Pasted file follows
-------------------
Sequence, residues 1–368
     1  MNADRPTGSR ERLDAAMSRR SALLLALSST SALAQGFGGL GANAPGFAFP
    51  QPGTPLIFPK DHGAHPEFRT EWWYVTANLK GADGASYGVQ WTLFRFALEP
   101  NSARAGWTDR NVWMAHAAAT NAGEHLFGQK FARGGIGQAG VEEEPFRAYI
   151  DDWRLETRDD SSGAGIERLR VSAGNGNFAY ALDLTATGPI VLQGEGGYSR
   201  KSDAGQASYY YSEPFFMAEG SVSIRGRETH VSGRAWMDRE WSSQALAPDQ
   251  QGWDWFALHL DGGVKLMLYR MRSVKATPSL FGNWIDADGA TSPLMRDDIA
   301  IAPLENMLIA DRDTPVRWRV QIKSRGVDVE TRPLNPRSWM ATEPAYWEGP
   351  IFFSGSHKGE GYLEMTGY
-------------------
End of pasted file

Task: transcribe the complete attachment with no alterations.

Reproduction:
Sequence, residues 1–368
     1  MNADRPTGSR ERLDAAMSRR SALLLALSST SALAQGFGGL GANAPGFAFP
    51  QPGTPLIFPK DHGAHPEFRT EWWYVTANLK GADGASYGVQ WTLFRFALEP
   101  NSARAGWTDR NVWMAHAAAT NAGEHLFGQK FARGGIGQAG VEEEPFRAYI
   151  DDWRLETRDD SSGAGIERLR VSAGNGNFAY ALDLTATGPI VLQGEGGYSR
   201  KSDAGQASYY YSEPFFMAEG SVSIRGRETH VSGRAWMDRE WSSQALAPDQ
   251  QGWDWFALHL DGGVKLMLYR MRSVKATPSL FGNWIDADGA TSPLMRDDIA
   301  IAPLENMLIA DRDTPVRWRV QIKSRGVDVE TRPLNPRSWM ATEPAYWEGP
   351  IFFSGSHKGE GYLEMTGY